11 Best Open Source Software for Windows for Daily Use

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11 Best Open Source Software for Windows for Daily Use

On our daily basis, we tend to have some software that we use every time we turn on the computer. We as if can’t live without those apps. For instance, you definitely use a web browser every single day when working. For some people, software like Photoshop and Microsoft Office are also part of their daily basis and they can’t live without them.

The industry of software has transformed within the last years. Many software companies have changed their business model. Instead of one-time purchase, many software companies started applying subscription-based business model. As you know, Adobe is no longer sells its products — like Photoshop and Lightroom — in a one-time purchase method. You are required to pay monthly/yearly subscription fee. Later, Microsoft started following to adopt the same business model by releasing Office 365.

Actually, there are a bunch of open source software out there you can use to replace the proprietary software to lessen the dependence. Most open source software are released for free. You can use them legally without spending a dime, which is good for your balance sheet.

If you use Windows, following are 11 of best open source software that you can use to replace proprietary software having installed on your computer.

1. Firefox

Before Google Chrome emerged, Firefox was the most popular web browser along with Internet Explorer. Firefox itself the pioneer of modern web browser. It is the first modern web browser to support frame. Firefox itself is an open source web browser developed by Mozilla. This web browser is available for all desktop platforms, including Windows. We have to admit that Firefox is no longer the king of web browser like it used to be. However, Firefox is still a good web browser, especially since the release of Firefox Quantum. More and more features are being added to Firefox. In Windows, Firefox can be a great alternative to Microsoft Edge or Internet Explorer which are far from good.

2. LibreOffice

For most Windows users, Microsoft Office is the first name to come in mind when they need an office suite software. Everyone also knows that Microsoft Office is a paid software. You need to buy the license of Microsoft Office or become a paid subscriber before being able to use it. Microsoft itself provides Microsoft Office in several packages. The standard package of Microsoft Office consists of four components: Word, Excel, PowerPoint and Outlook.

There are several alternatives to Microsoft Office available out there. One of which is LibreOffice. The only component offered by Microsoft Office that is not available on LibreOffice is Outlook. The rest, LibreOffice is extremely reliable to replace Microsoft Office. In fact, LibreOffice has more components than Microsoft Office. Three main components offered by LibreOffice are Writer (to replace Word), Calc (to replace Excel) and Impress (to replace PowerPoint). In addition, there are also Draw (drawing tool), Base (database management tool) and Math (to work on mathematical formula). Most importantly, LibreOffice has a compatibility with Microsoft Office. For instance, you can use LibreOffice Writer to open/save a document in DOCX format. LibreOffice itself is an open source office suite developed by The Document Foundation. It is also available for all desktop platforms, including Windows.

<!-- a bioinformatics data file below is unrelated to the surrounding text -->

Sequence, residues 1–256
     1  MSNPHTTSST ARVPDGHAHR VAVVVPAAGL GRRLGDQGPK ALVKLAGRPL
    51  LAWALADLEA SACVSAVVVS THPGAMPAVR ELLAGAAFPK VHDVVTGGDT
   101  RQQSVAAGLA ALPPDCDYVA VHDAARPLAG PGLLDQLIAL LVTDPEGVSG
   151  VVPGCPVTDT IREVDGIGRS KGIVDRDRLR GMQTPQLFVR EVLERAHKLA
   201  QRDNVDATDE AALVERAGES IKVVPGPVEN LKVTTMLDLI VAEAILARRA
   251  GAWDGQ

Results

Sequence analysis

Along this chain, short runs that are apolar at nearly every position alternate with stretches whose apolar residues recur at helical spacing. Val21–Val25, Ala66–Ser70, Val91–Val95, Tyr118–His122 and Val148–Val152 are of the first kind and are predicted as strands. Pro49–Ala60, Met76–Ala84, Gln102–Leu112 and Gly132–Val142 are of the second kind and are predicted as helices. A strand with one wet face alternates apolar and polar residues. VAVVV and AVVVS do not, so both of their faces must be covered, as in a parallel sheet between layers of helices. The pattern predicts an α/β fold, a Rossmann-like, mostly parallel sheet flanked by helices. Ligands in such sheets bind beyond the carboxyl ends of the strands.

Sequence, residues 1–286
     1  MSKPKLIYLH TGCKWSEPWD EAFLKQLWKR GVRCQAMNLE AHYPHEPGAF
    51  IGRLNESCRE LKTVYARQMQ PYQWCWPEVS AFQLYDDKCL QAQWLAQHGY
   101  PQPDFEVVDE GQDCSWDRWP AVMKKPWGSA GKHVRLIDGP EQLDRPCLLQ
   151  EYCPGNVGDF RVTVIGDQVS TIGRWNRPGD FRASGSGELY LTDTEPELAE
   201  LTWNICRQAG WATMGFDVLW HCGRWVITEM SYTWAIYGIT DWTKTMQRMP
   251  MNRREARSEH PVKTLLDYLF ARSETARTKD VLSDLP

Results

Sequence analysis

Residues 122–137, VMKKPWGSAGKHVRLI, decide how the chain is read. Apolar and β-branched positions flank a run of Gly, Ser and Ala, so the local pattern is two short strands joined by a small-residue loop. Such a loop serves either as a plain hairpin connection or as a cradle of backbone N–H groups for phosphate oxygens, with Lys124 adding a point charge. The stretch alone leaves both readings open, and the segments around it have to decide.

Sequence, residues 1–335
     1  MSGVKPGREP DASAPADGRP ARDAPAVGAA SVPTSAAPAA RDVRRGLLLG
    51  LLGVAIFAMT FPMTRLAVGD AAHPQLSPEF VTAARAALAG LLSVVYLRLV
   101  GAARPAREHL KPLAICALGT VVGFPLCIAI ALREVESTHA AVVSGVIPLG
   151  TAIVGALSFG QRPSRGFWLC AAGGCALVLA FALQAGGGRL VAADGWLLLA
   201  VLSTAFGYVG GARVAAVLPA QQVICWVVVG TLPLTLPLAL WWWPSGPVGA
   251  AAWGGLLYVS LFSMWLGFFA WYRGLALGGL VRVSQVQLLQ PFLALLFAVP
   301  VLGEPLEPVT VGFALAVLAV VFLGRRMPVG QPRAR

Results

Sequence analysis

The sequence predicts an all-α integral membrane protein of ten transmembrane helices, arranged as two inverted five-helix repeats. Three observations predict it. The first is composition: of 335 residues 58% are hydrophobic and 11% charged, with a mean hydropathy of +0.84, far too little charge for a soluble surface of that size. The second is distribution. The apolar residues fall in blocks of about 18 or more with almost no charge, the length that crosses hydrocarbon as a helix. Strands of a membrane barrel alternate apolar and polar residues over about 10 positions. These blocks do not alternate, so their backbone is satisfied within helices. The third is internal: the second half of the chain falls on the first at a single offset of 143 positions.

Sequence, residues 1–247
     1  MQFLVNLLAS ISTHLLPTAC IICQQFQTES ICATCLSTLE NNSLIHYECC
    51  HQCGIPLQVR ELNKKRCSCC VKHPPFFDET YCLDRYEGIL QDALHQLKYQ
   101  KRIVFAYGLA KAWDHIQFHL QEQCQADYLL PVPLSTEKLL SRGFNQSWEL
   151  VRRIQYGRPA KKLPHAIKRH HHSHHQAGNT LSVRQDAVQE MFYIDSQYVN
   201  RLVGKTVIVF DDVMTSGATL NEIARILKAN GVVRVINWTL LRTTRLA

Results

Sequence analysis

If you are a photographer or designer, GIMP is a great image manipulation tool which you can use to replace Photoshop. If you haven’t heard about this tool before, you can take a look at its interface on the screenshot above. As you can see, the interface of GIMP is pretty similar to Photoshop. Furthermore, GIMP also has a compatibility with Photoshop. You can open PSD files with GIMP although in some cases your files won’t be perfectly converted. Speaking of GIMP, we have several GIMP tutorials here.

Just like Photoshop, GIMP is also a versatile image editing tool. You can use it whether as a photo retouching tool or design tool. GIMP is an open source software developed by a community (The GIMP Development Team). GIMP is also available for all desktop platforms. From Linux, Mac and Windows. It is the best free alternative to Photoshop.

4. Inkscape

There are two main reasons why most designers use Adobe Illustrator. First, they think that it is the only tool they can use. Second, they have no idea about other alternative. Inkscape is one of the free alternatives to Adobe Illustrator. You can use to edit vector graphics just like Illustrator. From icons to digital arts. Inkscape might is not as popular as Adobe Illustrator, but it is reliable enough to work on digital arts. Inkscape is also released as an open source software under GNU General Public License v3. It is available for Linux, Mac and Windows.

5. Darktable

Some professional photographers prefer to shoot in RAW instead of JPEG since they know that they can do more things with RAW files in the editing process. Speaking of RAW, Lightroom is the first name to come in mind. Everyone agreed that Lightroom is second to none when it comes to RAW editing. But, have you heard Darktable? You can see the interface of Darktable on the screenshot above.